22 December 2014
In politics, you really have to be cruel to be kind
Prime Minister David Cameron
I was involved last Tuesday morning in what can politely be described as a "lively" debate on Stephen Nolan's BBC Radio Ulster show.
I've become a connoisseur of insults, and quite a bit of it was routine shouty stuff about me being uncaring, ignorant, offensive, useless, prejudiced and so on. But I was amused at being called a "jump start" and being accused of opposing the taxation of companies like Google.
In the context of the talks debacle, the discussion was based on a question asked in the House of Commons and a press release from the Northern Ireland Committee of the Irish Congress of Trade Unions.
Nolan conducted a lengthy interview with Conservative MP Nigel Mills, a member of the Northern Ireland Select Committee, who had asked if he might "agree with the Secretary of State's earlier sentiment that the solution to every problem in Northern Ireland cannot be more money from the English taxpayer?" To which she had replied: "As I have said many times, the solution to these problems cannot be a big cheque from the UK Government."
Mills's basic message was that the United Kingdom is hard up, we're all in it together, Northern Ireland has had more than its share of special treatment and the English taxpayer was fed up.
The next interviewee was ICTU assistant general secretary Peter Bunting, whose press release had been headed 'Unions to go on the offensive against cuts to jobs and services.'
Basically, his argument was a variation on "Ulster says no": Northern Ireland could cope with no more cuts, local politicians were commended "for standing up to David Cameron" and enjoined to refuse "to impose these Draconian measures… including welfare reform".
To force Westminster to recognise Northern Ireland's special needs (poverty, investment, security, sectarianism, education and mental health), he made vague threats about strikes.
I was trying to make the case that much though I love Northern Ireland and quite a lot of its people, it's time it showed self-respect, stood on its own feet and stopped running to Mummy in Westminster for money since she's hard-up herself and fast losing patience with people shaking begging bowls.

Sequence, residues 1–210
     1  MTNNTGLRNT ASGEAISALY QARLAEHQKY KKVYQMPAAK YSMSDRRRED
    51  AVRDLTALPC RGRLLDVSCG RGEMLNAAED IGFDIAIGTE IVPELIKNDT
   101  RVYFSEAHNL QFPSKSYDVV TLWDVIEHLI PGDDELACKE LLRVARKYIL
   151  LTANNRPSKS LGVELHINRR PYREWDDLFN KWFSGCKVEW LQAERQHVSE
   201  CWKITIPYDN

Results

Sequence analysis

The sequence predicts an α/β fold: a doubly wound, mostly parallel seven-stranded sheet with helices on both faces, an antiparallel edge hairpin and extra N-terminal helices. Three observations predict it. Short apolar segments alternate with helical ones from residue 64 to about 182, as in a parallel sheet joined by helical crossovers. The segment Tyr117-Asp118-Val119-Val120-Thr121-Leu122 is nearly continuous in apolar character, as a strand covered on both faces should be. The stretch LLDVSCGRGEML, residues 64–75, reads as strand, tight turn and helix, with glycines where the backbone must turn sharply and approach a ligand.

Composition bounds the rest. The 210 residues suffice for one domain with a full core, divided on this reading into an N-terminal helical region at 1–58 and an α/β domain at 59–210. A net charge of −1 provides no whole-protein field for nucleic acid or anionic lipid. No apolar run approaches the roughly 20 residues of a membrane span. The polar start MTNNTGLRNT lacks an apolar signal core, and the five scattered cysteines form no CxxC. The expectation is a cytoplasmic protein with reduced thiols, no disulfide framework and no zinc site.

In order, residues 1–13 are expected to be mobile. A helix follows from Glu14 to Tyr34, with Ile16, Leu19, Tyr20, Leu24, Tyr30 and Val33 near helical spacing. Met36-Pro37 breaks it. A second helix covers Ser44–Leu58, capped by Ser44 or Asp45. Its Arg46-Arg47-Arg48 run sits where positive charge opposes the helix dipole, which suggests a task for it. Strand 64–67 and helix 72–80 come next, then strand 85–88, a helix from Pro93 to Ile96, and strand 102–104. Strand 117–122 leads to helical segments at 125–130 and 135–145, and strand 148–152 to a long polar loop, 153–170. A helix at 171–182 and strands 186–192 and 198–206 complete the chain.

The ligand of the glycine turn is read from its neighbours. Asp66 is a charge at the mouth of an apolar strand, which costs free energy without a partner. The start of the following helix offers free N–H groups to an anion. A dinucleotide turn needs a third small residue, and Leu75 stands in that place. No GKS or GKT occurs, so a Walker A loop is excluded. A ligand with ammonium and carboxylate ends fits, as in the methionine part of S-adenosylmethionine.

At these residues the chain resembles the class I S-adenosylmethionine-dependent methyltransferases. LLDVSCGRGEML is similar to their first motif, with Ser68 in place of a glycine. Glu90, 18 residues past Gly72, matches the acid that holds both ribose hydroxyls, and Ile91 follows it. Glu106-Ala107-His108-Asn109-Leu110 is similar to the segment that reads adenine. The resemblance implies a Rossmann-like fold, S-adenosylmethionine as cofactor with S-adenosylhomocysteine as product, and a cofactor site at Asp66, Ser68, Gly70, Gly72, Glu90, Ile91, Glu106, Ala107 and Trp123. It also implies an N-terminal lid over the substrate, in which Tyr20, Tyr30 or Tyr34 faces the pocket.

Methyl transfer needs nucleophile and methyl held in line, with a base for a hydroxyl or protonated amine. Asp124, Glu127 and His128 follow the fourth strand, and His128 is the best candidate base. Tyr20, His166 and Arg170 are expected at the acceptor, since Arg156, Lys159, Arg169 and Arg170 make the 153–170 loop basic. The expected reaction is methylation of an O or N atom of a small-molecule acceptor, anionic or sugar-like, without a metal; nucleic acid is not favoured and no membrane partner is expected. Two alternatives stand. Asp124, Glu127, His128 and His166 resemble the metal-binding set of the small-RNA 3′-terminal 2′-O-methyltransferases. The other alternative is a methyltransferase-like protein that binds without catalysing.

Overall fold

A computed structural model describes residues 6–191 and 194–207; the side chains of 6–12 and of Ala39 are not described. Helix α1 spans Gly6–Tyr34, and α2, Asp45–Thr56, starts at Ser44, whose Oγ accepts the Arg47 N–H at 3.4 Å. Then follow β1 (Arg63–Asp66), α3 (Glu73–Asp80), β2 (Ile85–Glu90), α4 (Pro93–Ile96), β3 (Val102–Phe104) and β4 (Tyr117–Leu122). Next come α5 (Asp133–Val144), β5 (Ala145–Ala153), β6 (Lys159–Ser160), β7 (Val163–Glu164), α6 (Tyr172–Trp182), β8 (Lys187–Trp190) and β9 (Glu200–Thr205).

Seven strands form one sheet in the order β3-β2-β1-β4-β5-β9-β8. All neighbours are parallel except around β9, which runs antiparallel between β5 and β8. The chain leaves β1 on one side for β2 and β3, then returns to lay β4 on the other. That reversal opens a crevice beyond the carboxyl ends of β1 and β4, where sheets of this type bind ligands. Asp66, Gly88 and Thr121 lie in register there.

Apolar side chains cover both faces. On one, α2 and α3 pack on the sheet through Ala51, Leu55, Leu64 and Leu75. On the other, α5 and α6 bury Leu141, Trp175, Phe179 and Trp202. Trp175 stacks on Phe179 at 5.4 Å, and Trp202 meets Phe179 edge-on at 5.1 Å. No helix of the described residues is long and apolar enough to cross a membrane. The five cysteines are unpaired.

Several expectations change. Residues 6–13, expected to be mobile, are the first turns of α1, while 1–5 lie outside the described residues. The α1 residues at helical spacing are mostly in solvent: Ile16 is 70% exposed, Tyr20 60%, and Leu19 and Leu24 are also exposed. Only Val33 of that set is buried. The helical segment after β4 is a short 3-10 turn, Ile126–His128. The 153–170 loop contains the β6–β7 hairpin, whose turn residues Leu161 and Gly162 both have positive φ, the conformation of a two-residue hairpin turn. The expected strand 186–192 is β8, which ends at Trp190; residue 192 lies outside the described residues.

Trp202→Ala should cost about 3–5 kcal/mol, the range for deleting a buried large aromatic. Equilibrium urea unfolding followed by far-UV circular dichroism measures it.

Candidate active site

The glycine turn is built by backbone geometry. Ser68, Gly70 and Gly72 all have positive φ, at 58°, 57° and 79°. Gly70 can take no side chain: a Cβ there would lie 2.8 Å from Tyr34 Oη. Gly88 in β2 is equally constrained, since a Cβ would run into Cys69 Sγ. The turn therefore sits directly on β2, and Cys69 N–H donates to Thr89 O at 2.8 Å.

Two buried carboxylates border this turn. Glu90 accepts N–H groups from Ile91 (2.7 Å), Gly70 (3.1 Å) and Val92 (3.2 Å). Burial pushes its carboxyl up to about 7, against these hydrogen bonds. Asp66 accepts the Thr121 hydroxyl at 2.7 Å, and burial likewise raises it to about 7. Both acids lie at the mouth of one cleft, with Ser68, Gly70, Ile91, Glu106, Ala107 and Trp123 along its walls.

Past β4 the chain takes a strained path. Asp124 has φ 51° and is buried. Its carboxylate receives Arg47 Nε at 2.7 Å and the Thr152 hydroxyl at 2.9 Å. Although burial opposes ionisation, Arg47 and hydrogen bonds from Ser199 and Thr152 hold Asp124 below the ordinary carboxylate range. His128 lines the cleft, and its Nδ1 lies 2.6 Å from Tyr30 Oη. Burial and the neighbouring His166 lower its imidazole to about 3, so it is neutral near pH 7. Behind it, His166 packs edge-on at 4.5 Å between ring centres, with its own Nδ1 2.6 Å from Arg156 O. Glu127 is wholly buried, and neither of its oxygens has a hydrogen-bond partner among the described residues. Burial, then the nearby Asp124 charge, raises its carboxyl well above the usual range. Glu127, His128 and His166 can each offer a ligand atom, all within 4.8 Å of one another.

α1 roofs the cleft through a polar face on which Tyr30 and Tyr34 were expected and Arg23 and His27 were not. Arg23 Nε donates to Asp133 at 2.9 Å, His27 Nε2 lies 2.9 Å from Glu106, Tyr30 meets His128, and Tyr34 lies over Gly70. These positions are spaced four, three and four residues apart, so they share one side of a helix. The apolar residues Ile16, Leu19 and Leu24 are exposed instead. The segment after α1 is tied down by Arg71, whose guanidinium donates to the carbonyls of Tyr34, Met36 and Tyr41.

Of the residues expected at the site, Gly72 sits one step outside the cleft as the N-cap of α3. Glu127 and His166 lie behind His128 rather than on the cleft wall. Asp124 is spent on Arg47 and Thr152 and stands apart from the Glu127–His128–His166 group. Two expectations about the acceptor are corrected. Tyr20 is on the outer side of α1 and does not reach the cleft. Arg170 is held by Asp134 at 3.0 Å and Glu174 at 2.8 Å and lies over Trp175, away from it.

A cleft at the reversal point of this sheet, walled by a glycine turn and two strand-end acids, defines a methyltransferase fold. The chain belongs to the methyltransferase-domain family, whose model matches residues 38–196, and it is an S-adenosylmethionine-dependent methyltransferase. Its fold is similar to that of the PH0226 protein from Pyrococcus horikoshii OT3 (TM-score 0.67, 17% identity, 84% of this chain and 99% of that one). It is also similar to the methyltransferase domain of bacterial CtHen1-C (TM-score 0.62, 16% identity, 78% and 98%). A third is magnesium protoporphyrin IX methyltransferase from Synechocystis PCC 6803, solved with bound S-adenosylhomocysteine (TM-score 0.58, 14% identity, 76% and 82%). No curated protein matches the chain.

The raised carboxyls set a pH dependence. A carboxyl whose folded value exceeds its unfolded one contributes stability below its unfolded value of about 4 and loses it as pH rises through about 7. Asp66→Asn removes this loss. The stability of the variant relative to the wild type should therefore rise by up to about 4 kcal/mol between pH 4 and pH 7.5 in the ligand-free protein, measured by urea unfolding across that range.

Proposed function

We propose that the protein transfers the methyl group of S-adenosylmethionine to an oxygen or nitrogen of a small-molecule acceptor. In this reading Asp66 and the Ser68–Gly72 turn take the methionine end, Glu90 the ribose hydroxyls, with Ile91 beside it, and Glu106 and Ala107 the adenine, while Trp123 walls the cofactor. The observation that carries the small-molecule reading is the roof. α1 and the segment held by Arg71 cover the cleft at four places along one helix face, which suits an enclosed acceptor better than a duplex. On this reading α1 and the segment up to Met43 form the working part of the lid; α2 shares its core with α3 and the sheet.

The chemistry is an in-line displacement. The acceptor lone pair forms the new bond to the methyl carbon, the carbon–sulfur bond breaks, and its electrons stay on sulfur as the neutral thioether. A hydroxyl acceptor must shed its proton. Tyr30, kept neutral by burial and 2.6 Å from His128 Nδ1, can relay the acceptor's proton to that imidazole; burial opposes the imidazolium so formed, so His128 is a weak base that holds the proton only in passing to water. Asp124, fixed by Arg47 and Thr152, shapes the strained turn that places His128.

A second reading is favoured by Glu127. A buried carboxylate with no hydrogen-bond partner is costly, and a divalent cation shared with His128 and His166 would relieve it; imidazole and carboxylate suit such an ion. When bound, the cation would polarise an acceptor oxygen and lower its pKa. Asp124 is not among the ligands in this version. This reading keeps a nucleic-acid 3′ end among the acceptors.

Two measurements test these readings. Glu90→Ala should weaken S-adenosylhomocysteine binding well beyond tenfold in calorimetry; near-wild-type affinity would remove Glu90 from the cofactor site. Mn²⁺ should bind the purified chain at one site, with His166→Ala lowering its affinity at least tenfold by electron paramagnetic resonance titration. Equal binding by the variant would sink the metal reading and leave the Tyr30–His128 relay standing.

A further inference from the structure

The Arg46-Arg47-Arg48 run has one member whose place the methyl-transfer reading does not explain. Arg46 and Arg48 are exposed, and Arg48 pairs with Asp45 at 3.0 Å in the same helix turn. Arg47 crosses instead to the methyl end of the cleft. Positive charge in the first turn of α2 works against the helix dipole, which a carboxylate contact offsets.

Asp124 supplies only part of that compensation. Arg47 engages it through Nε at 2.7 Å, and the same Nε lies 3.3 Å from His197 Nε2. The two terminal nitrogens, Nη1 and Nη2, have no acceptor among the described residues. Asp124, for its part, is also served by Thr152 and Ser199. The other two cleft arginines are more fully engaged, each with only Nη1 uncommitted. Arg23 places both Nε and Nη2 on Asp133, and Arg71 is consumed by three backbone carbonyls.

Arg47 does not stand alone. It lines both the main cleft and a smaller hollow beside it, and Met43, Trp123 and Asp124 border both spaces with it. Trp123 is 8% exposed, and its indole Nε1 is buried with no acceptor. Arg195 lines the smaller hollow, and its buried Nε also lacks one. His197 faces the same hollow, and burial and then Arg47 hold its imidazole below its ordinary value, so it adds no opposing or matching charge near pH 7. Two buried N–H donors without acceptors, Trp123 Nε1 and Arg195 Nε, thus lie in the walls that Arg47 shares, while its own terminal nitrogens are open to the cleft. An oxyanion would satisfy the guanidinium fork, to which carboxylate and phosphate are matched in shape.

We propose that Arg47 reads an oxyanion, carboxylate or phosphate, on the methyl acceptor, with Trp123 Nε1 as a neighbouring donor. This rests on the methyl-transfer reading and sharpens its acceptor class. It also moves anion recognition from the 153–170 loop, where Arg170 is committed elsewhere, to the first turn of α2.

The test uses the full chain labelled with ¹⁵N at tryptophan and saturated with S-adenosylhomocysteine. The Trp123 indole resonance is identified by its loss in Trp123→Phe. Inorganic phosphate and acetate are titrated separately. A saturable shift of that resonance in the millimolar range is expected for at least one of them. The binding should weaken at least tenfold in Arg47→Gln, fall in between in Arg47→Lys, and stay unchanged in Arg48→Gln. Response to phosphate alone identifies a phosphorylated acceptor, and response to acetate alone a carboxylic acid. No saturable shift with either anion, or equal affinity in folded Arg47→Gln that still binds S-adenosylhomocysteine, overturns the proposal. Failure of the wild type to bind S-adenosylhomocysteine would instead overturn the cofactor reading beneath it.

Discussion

I've lived most of my adult life in England, where friends are bewildered by my interest in Northern Ireland. Insofar as they know anything about it, they think unionists ran an unattractive sectarian state, but that republicans overreacted and wrecked the place. They think they did their bit by sacrificing young men and paying a fortune to keep the peace between the warring tribes, putting up patiently with IRA bombs in England and paying over the odds to try to restore the province to normality.
But they resent the perceived ingratitude.
During the Scottish referendum, arguments about the Barnett Formula made many English discover they were subsidising the rest of the United Kingdom (in 2011, public spending was £8,529 per head in England, £9,709 in Wales, £10,152 in Scotland and £10,876 in Northern Ireland). They were annoyed, too, by the abuse levelled at them by Scottish nationalists and - hard-hit by austerity themselves - are in no mood to look favourably when Northern Irish politicians demand special treatment. There are plenty of poor people in England.
My main point on Nolan was that Northern Ireland was suffering from an unreasonable sense of entitlement, had duties and responsibilities as well as rights, and should try being a bit grateful, stop whingeing, put aside the collection plate and concentrate on trying to create a decent society with a strong private sector.
I wasn't surprised that the message was unpopular with callers and on social media, but was pleased to have private messages of support.
To those who found me offensive could I point out that it's easy in public to tell everyone they're terrific and should have whatever they want, but it's foolish, dishonest and bad advice.
Being an unwelcome member of the United Kingdom who is also unwanted by the Republic of Ireland is not an enviable position.
I was grateful for a tweet saying that if I'm an enemy of Northern Ireland, "then we need more enemies!" I am a friend, but no amount of insults will stop me being critical.
Ruth Dudley Edwards